Fighting in Yemen capital threatens airport

The New York Times reports:

Heavy shelling north of Yemen’s capital threatened to close the main international airport Thursday as government troops and opposition tribesmen appeared to escalate bloody street battles that have pushed the country to the edge of civil war.

The airport, which lies roughly six miles north of the city, was open on Thursday and flights operated normally, the airport director, Naji Quddam, said in a statement, denying earlier news reports that it had closed.

But the main road to the airport from Sana remained dangerous to navigate because of government checkpoints, sporadic shelling and heaving fighting in the north of the city.

There, large numbers of tribal fighters surging south toward the capital, Sana, squared off against Yemeni troops at an important checkpoint in fierce fighting overnight and on Thursday. The northern checkpoint is a major barrier between the capital and Amran Province, a stronghold of the tribesmen loyal to the Ahmar family who have been battling the government for 10 days. Government troops have attempted to seal off the city to prevent rural tribesmen from joining the fight there.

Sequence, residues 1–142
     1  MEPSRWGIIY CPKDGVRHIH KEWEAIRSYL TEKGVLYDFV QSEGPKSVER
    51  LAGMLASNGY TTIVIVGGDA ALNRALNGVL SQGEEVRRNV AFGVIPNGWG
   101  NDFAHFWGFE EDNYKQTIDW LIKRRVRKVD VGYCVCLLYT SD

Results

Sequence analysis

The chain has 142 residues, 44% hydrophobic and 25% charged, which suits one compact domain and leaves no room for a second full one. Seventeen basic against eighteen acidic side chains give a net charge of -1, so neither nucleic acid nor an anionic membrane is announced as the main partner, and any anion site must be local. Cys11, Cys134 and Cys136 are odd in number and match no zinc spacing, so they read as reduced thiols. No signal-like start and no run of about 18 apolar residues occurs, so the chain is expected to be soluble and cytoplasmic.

On Wednesday afternoon, tanks and armored vehicles could be seen rolling into Sana from the south. The streets of city were largely empty, as residents fled for the safety of surrounding villages. Exploding artillery shells and sporadic machine-gun fire could be heard across the city.

Despite his repeated public offers to step aside to ease the crisis in the country, Yemen’s authoritarian president, Ali Abdullah Saleh, appeared to be gearing up for a major assault on the Ahmar family, his tribal rivals and political opponents.

The violence here has transformed a largely peaceful uprising into a tribal conflict with no clear end in sight. The United States and Yemen’s Arab neighbors like Saudi Arabia, which have tried and failed to mediate a peaceful solution to the country’s political crisis, are reduced to sitting on the sidelines and pleading for restraint.

Print Friendly, PDF & Email